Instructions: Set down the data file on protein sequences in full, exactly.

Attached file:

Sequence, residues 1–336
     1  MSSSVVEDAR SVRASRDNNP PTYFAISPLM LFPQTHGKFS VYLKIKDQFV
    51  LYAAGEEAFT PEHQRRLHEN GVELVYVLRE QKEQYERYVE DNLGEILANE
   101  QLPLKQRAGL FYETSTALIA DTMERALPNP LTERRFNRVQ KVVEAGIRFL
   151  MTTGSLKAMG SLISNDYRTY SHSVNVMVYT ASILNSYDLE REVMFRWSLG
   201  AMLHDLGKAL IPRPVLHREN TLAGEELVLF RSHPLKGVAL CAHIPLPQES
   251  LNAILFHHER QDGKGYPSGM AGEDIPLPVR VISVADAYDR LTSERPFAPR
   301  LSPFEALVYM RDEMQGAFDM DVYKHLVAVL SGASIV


Sequence, residues 1–336
     1  MSSSVVEDAR SVRASRDNNP PTYFAISPLM LFPQTHGKFS VYLKIKDQFV
    51  LYAAGEEAFT PEHQRRLHEN GVELVYVLRE QKEQYERYVE DNLGEILANE
   101  QLPLKQRAGL FYETSTALIA DTMERALPNP LTERRFNRVQ KVVEAGIRFL
   151  MTTGSLKAMG SLISNDYRTY SHSVNVMVYT ASILNSYDLE REVMFRWSLG
   201  AMLHDLGKAL IPRPVLHREN TLAGEELVLF RSHPLKGVAL CAHIPLPQES
   251  LNAILFHHER QDGKGYPSGM AGEDIPLPVR VISVADAYDR LTSERPFAPR
   301  LSPFEALVYM RDEMQGAFDM DVYKHLVAVL SGASIV